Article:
Nobody Lives Here Anymore, catalyzed by some truly grand tracks like “Sold My Soul,” “Veteran’s Day” and “Always On My Mind,” was a handsome album made by a guy who never burrowed himself too deep in the riches of yesteryear. Sure, you can point to those JFK-era bubblegum rock sparkles—or the pastiches of George Harrison and Badfinger—and call them evocative of a bygone time, but Clarke brings something to the table that most songwriters fail to capture: There’s a haunted echo first whispered by rock ‘n’ roll’s forefathers that Clarke keeps no denser than an outline. Rather than letting it inform the direction of his songs, he restrains it to merely being the compass he glances at here and then to keep himself grounded.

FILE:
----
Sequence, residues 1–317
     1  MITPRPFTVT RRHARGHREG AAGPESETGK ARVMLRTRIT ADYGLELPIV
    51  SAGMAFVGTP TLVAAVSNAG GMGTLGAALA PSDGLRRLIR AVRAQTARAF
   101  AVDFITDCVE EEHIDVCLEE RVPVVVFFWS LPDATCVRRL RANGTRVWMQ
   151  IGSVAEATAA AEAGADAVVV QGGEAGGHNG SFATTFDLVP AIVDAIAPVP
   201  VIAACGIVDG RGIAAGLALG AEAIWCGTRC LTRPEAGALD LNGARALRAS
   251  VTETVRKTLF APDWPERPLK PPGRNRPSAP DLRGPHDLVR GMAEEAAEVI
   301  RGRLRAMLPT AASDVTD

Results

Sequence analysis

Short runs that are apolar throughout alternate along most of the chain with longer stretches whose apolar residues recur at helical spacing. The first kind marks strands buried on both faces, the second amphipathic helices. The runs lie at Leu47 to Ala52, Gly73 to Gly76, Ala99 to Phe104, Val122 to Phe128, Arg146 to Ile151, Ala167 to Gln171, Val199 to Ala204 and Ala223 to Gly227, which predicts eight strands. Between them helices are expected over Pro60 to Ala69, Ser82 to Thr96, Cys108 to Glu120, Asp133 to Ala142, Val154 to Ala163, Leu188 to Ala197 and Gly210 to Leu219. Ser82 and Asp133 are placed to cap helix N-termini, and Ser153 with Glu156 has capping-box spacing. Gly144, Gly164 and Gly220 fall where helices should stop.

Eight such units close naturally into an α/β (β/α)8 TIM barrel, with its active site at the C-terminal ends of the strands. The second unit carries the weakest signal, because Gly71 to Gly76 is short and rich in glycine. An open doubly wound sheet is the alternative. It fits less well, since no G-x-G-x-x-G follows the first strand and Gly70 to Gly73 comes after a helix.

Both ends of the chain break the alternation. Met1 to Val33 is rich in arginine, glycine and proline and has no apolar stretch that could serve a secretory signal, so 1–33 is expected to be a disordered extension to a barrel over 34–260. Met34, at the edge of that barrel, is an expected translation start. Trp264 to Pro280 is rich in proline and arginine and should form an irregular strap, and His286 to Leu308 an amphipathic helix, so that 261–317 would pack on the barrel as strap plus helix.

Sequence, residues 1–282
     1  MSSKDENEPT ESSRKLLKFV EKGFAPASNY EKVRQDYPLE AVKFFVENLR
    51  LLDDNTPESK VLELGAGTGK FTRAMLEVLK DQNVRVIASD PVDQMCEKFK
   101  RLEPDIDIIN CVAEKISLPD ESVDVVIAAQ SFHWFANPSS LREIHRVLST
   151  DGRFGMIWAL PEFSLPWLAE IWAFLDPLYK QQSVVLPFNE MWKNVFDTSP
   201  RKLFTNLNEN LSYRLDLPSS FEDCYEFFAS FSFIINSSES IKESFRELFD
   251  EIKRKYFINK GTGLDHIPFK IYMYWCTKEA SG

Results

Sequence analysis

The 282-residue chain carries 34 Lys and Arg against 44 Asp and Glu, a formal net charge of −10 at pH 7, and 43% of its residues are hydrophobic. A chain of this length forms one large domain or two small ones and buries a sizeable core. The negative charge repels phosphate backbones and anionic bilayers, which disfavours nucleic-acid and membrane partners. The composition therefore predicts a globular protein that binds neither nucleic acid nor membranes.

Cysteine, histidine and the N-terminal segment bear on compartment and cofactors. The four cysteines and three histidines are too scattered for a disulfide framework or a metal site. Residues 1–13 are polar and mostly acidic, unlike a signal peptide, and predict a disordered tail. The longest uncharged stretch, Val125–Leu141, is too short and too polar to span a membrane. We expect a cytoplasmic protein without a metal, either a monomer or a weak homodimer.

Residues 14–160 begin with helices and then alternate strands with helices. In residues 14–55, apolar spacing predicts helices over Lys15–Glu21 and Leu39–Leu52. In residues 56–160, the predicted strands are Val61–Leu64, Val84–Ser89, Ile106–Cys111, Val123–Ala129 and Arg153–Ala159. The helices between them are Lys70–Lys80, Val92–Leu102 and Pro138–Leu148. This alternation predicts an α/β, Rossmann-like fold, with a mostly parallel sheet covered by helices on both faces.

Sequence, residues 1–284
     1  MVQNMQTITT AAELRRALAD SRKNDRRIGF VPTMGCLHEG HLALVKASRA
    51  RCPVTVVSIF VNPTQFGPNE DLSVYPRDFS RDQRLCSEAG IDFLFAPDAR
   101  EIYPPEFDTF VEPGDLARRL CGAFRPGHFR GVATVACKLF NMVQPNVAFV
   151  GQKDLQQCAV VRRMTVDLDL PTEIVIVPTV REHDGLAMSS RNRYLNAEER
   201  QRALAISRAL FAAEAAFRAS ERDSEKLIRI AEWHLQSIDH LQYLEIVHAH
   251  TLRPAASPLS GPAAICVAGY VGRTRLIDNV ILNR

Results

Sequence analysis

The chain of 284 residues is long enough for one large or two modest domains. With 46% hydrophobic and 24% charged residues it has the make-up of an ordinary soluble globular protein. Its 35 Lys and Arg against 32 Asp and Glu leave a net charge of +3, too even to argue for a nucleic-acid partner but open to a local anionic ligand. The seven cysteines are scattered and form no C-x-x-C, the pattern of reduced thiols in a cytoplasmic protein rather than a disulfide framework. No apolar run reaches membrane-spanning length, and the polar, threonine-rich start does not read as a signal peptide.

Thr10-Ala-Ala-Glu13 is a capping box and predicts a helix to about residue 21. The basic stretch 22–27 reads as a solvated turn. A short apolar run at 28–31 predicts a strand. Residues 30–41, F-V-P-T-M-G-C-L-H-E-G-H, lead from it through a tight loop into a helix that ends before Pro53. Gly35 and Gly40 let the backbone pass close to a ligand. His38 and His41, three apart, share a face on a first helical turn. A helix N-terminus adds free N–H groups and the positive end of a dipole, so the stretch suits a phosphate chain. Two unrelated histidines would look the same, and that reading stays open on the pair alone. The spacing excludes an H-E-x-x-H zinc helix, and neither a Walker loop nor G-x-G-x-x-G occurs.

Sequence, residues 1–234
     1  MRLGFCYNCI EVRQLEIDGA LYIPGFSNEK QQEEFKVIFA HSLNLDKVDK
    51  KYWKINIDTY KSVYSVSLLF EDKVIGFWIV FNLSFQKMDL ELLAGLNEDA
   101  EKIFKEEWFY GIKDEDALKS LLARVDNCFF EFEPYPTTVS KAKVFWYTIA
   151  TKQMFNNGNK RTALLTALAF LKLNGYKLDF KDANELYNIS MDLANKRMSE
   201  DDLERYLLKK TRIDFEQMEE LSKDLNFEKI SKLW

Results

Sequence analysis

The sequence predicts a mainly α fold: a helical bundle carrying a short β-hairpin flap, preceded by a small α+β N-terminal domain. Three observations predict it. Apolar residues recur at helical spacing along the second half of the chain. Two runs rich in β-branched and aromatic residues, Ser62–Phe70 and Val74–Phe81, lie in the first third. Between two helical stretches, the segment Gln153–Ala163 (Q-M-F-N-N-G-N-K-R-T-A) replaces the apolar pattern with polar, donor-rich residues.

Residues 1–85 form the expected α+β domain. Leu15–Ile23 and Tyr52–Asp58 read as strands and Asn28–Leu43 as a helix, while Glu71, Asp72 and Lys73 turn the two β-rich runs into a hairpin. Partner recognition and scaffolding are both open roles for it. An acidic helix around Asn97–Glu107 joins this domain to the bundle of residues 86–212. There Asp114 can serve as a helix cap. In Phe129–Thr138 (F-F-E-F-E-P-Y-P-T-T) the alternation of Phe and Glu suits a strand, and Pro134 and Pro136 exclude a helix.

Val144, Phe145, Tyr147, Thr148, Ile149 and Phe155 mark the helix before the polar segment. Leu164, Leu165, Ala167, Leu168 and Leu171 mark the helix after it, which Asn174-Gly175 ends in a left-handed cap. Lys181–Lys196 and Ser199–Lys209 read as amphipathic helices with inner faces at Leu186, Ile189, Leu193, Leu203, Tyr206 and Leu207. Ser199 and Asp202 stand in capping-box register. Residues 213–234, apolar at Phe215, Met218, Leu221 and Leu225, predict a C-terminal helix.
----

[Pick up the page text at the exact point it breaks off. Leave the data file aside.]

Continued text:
Whether he’s singing about finding his soul for sale on Antiques Roadshow or balancing a soldier’s story with lines like “Oh, you don’t know / What a love can do to a fool like me,” Clarke ensconces his sun-soaked doo-wah-ditties with a meticulous songwriting genius. He understands the power of a black-and-white story varnished with an earworm melody. And that’s where he welcomes us on Cut Worms. After spending a lot of time writing long songs for Nobody Lives Here Anymore, Clarke found himself stretched thin by their length when he was finally able to tour them for the first time at the end of 2022. “Most of the music that I like are two-and-a-half to four-minute pop songs,” he says. “So, it was a challenge for me to get back to that and trim away the unnecessary things, because it’s pretty easy to get precious about things when you’re writing. You think you’ve come up with something good and you don’t want to cut it out.” Clarke was able to translate that on Cut Worms, which, in its final shape, burgeons into an arrival of lean, pithy and charismatic psalms.